On January 8th a delegation from KELLY, a privately-held family business headquartered in Sparks, Maryland, traveled with Steve Krentel and Robin Folkerts of World Vision, a Christian humanitarian organization, to Ethiopia & Uganda as part of a Vision Trip. A long-standing dream of KELLY's CEO, Frank Kelly III came to fruition as he, his wife Gayle and two of their four children, Jackie and JK traveled alongside two KELLY employees, Brian Hubbard and his daughter Leanna, and myself (Javy) to witness the impact of our investment(s) over the last 20 years. What we saw will not easily be forgotten or quickly remedied.
The enormity of the challenges can only be tempered by the depth and breadth of World Vision's staff, programs, and faith. When organizations like KELLY join forces with World Vision in the name of Jesus Christ, the impact cannot be denied. Today, KELLY employees sponsor approximately 150 World Vision children in Ethiopia and Uganda.
Negash Lodge, Wolisso Town, Ethiopia
Alima was found in a bush as an infant, her age uncertain, and by God's providence was taken in by Kalima as her own daughter. The village where Kalima & Alima would live became a World Vision Area Development Program (ADP) where they now benefit from the life rescuing work of World Vision Ethiopia. Today, Alima, her grandmother, and their village are living healthier, more fulfilling lives, with hope for a bright future.
Also pictured is Gayle Kelly. Though worlds apart, geographically and socioeconomically, I realized that what unites them is greater than what separates them. A mother of two natural born sons, and two adopted children, Gayle formed a bond with Kalima that could only be built on the foundation of love. Their mutual appreciation for life in all its fullness was palpable, inspiring, and delightfully overwhelming.
Agena Village, near Gurage ADP, Ethiopia
Agena Primary School provides more than education to it's 496 students, 252 boys and 244 girls. On the school compound, World Vision has assisted in the construction of latrines for boys and girls as well as a gravity fed spring water supply. With access to clean water, sanitation, hygiene, and education, these students will live healthier, stronger lives both physically and mentally.
Water Committee, Gurage, Ethiopia
Nestled in the hills of Gurage, Ethiopia, a vital piece of the WASH program banned together and expressed the change water had brought to them as a community. The Water Committee, responsible for preserving & protecting their villages water supply, is a team of women, men, and children of diverse ages dedicated to the sustainability of their borehole. Where they were once dependent on outside intervention and assistance, this tightly knit community is becoming resourceful, increasingly proud, and a model highlighting the importance of global organizations partnering with local leaders.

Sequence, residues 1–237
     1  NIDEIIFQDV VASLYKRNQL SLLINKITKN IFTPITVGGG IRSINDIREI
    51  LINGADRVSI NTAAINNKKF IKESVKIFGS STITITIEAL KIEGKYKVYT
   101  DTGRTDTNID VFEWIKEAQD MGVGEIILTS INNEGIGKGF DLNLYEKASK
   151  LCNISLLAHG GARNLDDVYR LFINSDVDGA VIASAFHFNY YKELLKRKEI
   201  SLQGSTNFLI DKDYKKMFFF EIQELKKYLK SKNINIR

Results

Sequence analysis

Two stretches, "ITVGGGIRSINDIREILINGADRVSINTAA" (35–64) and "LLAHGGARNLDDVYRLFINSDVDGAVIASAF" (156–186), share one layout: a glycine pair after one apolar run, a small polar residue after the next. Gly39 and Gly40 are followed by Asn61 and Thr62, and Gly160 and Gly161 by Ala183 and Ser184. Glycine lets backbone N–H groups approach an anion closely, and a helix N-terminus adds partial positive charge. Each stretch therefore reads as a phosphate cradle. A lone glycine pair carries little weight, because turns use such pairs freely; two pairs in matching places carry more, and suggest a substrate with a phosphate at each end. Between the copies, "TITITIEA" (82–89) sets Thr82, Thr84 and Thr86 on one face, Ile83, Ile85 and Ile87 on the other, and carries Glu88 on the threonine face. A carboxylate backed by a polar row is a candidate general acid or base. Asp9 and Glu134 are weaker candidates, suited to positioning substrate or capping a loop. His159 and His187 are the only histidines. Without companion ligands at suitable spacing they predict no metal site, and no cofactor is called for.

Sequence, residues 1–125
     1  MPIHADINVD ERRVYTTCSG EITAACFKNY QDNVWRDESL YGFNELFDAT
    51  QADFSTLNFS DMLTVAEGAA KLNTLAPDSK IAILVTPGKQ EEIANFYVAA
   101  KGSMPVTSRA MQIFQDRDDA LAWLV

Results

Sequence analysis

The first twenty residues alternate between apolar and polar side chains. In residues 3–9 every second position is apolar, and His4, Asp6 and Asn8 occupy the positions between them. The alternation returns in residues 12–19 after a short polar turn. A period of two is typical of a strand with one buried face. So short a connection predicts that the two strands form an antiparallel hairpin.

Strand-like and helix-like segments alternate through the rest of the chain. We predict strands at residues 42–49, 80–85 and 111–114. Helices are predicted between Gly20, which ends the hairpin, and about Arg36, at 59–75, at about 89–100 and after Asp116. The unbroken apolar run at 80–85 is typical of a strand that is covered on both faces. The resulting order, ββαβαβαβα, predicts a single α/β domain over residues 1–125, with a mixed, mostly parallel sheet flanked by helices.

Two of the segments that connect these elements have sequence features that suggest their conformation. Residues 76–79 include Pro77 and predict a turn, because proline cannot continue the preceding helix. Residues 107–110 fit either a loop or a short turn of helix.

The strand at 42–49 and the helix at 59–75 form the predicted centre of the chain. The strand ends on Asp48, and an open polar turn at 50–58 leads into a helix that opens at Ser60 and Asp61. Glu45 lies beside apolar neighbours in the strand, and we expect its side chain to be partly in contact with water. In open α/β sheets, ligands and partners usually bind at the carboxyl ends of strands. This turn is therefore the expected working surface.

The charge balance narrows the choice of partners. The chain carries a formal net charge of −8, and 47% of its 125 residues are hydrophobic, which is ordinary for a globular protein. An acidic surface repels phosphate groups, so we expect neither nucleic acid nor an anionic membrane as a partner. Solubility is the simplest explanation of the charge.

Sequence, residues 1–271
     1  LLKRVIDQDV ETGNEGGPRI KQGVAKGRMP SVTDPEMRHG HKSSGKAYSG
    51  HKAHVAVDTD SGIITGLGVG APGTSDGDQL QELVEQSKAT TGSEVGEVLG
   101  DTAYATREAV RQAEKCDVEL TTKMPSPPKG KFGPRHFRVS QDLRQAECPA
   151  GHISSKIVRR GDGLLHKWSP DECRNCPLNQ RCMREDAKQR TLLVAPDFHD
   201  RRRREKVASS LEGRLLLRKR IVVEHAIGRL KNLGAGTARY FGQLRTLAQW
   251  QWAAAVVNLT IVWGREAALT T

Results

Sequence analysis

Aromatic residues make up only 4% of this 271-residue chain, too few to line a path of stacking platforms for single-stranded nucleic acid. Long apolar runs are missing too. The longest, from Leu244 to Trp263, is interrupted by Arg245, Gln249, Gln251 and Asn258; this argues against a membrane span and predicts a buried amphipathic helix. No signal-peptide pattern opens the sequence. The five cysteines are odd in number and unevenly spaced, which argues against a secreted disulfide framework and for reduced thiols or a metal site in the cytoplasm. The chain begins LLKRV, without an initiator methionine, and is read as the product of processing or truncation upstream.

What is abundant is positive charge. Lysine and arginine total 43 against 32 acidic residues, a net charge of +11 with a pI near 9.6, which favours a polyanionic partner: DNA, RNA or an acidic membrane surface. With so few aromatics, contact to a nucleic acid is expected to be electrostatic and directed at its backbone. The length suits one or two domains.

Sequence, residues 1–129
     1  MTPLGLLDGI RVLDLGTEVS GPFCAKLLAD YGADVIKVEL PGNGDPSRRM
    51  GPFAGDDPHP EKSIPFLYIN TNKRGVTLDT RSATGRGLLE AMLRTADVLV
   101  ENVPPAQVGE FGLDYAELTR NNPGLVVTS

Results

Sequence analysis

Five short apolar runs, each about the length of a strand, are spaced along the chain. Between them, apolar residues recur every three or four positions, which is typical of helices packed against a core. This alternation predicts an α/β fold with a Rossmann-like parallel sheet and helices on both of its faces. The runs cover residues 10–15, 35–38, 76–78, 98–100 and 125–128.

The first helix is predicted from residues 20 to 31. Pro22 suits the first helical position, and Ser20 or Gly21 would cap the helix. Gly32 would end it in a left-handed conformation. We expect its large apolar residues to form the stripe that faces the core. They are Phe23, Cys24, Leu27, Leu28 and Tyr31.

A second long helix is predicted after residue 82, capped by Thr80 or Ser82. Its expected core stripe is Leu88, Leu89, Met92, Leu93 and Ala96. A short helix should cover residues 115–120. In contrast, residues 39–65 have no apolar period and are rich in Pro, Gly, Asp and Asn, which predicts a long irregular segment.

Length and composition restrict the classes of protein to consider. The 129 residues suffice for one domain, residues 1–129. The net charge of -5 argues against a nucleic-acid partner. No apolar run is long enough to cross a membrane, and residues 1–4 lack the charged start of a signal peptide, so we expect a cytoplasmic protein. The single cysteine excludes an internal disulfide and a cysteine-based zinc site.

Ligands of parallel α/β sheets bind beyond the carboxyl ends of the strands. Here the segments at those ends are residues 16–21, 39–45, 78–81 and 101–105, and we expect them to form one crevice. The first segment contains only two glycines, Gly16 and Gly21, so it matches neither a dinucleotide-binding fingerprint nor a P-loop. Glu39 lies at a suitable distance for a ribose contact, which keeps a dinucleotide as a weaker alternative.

Nearly 700 households in the valley (approximately 12,000 people) now have access to clean water at one of thirty-eight (38) access points. Access to clean, local water saves the community time, decreases or in some cases fully eliminates disease, and allows entire communities to give and receive.
Lakwana Village, near Gulu ADP, Uganda
Welcomed by the entire village, in an overflowing statement of joy & gratitude, the people of Lakwana rejoiced in song and dance as they invited us to see the source of their thanksgiving; clean water. Once a source of pain and multiple waterborne diseases like typhoid, diarrhea, and scabies, the polluted water source is replaced by a clean spring. Where they once had a nearly impossible decision between illness and dehydration, today better choices can be made - helping a community to thrive and rejoice. Water truly is life.
Children of War Rehabilitation Center, Gulu, Uganda
For more than two decades, the families of northern Uganda lived with the constant fear of child abduction, exploitation & abuse. The heinous acts of Joseph Kony and his LRA rebels devastated a country; the effects of which still permeate throughout northern Uganda.
During the height of the World Vision's Children of War Rehabilitation Center program, over 15,000 former child soldiers received "food, HIV and AIDS education, medical treatment, psychosocial counseling, vocational training, spiritual nurturing."1 The work of the Children of War Rehabilitation Center allows these children, now adults, to reintegrate into their communities, and in some cases continue the work World Vision began in Gulu, educating children and parents alike in the prevention of future childhood atrocities.